A static route is appropriate when the software cannot dynamically build a route to the destination.
Static routes have a default administrative distance of 1, in which a low number indicates a preferred route. By default, static routes are preferred to routes learned by routing protocols. You can configure an administrative distance with a static route if you want the static route to be overridden by dynamic routes. For example, you could have routes installed by the Open Shortest Path First (OSPF) protocol with an administrative distance of 120. To have a static route that would be overridden by an OSPF dynamic route, specify an administrative distance greater than 120.
The routing table considers the static routes that point to an interface as “directly connected.” Directly connected networks are advertised by IGP routing protocols if a corresponding interface command is contained under the router configuration stanza of that protocol.
A static route is always associated with a VPN routing and forwarding (VRF) instance. The VRF can be the default VRF or a specified VRF. Specifying a VRF allows you to enter VRF configuration mode where you can configure a static route. If you do not specify a VRF you can configure a default VRF static route.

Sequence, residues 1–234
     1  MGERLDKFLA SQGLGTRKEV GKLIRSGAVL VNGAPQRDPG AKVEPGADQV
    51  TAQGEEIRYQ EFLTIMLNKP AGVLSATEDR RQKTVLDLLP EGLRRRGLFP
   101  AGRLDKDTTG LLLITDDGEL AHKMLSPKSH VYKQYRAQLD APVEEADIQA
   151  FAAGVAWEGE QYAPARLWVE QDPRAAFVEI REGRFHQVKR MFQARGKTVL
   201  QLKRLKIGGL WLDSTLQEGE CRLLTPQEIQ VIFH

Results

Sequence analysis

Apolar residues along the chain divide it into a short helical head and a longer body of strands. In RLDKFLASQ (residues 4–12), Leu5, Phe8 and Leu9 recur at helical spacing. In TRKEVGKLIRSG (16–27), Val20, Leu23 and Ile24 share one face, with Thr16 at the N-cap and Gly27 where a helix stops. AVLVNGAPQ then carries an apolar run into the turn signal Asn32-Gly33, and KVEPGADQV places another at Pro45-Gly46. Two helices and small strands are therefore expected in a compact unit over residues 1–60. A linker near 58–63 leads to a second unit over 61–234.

Use the router static command to configure static routes. To configure a static route, you must enter router static configuration mode and then enter an address family configuration mode or VRF configuration mode. See the vrf (static) command for information on configuring a static route in VRF configuration mode. After you enter an address family mode, you can enter multiple static routes. The following example shows how to configure multiple static routes in IPv4 and IPv6 address family configuration modes:
You cannot create a VRF named default, but you can reference the default VRF.